AB: Speaking of crazy, did anything crazy happen during the creation of Bowtie Chronicles?

JB: We ended up shooting a video for “860,” and me and the director, we got into trouble when we were shooting. We were getting kicked out of places, and we had to hide the camera a couple of times, and we were doing a lot of driving. That was definitely an awesome road trip to try to get all those shots in the 860. I didn’t realize that the 860 covered so much ground in Connecticut. {laughs}

AB: What was the most interesting place you were kicked out off while shooting the video?

JB: After I took a couple of bites out of the pizza at Mystic Pizza they were pretty much like alright, you’ve been here long enough, you have to leave now. It was funny because I was like “c’mon, you guys shot a movie about this place.” I really wanted to get into the aquarium, as well, but I didn’t feel like pulling up all that money just to get a brief two second shot.

AB: The album is titled Bowtie Chronicles. Do you think Justin Timberlake is jacking your style with his new song being titled “Suite & Tie?”

JB: You know, the thing about a bow tie is it’s so much classier than a regular tie. Unfortunately, having to wear a tie every day, it doesn’t even feel like formal wear anymore, so when I want to feel extra spiffy I definitely do put on a bow tie. I don’t think he’s near jacking that, because the bow tie is so much classier than a regular tie, and it’s much more difficult to tie. If you’re rockin a regular tie with a tuxedo you don’t know what you’re doing. You gotta be classy, man.

AB: Style tips from Joey Batts.

JB: Oh yeah, definitely. I was thinking about the sophomore album being the Cummerbund Chronicles, then hopefully I can get a spread in GQ. The name Bowtie Chronicles came to me because I was so sick and tired of my band members wearing flannel shirts. I was like “c’mon guys, flannel shirts aren’t hip-hop!” So I was like screw it, “everybody has to wear a tie tomorrow.” Everybody takes you a little more seriously when you look really formal. It’s been awesome.

AB: Are you still working on your series of EPs based on the seven deadly sins?

JB: Yeah, I actually just recorded two songs for Gluttony, and I should have that done by the end of March, or April, and then I’ll work on Lust over the summer, no pun intended. Then it’ll be over, and I’ll need a new meaning of life.

AB: Just on premise, shouldn’t Gluttony be a 79 minute mixtape?

JB: {*laughs*} I was thinking about having one 12 minute song, but it’s really just me breathing while I’m eating. I think it’d be great. I worked on one song and it’s about eating pasta. I put pretty much every type of pasta into the song. I set out to do this series of EPs a long time ago to challenge myself and I’m really happy to see not only has it garnered a lot of attention, but I’ve made some money off of it and I think people are starting to realize there’s many different levels of it. It’s not like I just called an album Wrath, when you decipher every song you’re like oh shit, he’s really angry, and Envy, he really wants you to be envious, or he is really envious. There are definitely a lot of layers. It really helps me be a nerd on my own terms.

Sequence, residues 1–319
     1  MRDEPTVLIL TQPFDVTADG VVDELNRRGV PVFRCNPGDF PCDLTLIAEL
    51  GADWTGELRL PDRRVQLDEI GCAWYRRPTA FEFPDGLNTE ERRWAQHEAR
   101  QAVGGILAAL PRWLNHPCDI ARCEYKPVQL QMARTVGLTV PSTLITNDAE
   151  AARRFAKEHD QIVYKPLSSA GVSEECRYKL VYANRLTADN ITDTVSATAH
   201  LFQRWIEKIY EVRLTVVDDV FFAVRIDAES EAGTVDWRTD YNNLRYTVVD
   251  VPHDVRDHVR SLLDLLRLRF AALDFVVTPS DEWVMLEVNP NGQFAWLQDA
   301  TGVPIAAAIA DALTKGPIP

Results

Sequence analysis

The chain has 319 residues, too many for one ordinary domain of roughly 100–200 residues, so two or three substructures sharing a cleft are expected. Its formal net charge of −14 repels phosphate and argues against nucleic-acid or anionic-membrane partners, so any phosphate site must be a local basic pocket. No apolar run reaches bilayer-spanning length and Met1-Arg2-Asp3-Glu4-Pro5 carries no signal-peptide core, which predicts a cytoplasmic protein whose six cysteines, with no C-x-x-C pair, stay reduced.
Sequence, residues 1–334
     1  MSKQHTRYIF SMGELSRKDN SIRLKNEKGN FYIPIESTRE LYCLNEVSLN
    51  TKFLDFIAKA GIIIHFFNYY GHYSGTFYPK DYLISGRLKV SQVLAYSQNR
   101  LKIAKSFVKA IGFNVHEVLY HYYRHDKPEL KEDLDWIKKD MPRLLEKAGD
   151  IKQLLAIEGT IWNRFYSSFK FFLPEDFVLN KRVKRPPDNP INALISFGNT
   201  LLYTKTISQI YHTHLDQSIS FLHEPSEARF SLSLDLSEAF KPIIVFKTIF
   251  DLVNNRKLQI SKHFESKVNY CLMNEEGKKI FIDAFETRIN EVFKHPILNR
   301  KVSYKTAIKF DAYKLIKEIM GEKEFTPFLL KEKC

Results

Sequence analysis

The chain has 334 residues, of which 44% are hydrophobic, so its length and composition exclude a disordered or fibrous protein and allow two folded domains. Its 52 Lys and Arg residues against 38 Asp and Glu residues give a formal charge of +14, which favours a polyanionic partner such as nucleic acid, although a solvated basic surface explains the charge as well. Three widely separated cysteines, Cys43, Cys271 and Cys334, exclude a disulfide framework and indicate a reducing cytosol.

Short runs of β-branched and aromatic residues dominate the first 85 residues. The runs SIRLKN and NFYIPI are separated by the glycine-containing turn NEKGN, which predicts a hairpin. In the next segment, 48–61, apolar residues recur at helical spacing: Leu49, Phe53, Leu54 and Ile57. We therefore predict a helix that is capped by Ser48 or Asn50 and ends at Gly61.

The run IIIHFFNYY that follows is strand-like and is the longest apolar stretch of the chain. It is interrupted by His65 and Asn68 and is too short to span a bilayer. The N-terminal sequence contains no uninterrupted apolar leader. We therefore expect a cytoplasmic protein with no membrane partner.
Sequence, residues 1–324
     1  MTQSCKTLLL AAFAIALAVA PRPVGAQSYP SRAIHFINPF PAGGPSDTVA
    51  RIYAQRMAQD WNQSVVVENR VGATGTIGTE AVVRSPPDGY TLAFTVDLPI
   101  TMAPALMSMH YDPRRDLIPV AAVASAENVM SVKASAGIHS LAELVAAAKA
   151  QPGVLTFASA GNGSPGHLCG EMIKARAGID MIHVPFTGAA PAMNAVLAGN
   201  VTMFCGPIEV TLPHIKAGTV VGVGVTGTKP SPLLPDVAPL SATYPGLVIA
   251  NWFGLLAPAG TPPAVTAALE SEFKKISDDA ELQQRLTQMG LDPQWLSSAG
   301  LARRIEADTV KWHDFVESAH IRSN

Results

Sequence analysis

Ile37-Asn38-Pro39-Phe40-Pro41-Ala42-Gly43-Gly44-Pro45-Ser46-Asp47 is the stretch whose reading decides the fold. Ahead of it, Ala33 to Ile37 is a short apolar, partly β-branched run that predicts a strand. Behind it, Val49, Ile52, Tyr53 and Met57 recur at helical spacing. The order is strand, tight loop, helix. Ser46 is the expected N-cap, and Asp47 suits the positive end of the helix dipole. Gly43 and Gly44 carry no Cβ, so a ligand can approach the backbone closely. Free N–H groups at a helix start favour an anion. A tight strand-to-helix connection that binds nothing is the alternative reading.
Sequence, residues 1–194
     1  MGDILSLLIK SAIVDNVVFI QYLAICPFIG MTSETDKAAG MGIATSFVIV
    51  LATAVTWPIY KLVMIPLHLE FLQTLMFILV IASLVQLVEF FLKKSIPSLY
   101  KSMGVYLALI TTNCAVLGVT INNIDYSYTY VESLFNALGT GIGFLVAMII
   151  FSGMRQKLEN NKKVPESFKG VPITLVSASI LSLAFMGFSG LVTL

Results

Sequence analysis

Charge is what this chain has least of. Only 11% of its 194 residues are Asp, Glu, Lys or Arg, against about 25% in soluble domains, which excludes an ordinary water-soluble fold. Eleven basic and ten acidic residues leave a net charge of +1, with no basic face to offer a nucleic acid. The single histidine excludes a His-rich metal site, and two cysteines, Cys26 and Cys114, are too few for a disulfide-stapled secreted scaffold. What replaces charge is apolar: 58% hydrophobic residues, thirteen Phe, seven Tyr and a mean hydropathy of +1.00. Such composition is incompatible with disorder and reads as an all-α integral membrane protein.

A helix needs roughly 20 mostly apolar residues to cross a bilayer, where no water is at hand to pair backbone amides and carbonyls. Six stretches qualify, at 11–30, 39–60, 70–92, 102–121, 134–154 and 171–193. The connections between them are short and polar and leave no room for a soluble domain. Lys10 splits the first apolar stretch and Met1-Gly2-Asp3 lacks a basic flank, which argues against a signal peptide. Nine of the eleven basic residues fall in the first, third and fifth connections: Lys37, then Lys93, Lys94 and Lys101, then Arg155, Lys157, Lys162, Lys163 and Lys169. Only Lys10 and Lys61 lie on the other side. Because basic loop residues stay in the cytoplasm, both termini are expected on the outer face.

AB: Finally, Connecticut’s hip-hop scene is seemingly in a constant state of flux. Having traveled out of state, often, what keeps you coming back? Is there something you feel you need to accomplish here, in CT, or is your 9 to 5 so solid you aren’t going to leave?

JB: My 9 to 5 is definitely solid, but I wouldn’t chalk it up to that entirely. I love it, man. I’ve tried to break into the music scene on Long Island, I’ve even done a couple shows in Brooklyn, and I love the shit outta Boston, but Connecticut… I think I want to break that mold. I hate the fact that it’s always in flux, and I hate the fact that no one in the upper echelon calls it home. I think I’m obsessed with the fact that it’s not like Connecticut has a favorite son, or a favorite daughter, not that it’ll be me, it would be awesome if it was, but I love the fact that I can call this place home, that I can do everything I am doing for Connecticut, and I love being able to shout out the 860, and I love being able to shout out Hartford, and I think eventually enough people will notice. I think we have enough talent here, we have enough people that like music, I don’t see why we can’t get a solid foundation. I might not see it my career, or my musical lifetime, but I think before I die I’ll definitely see it, and I can say I definitely worked towards it.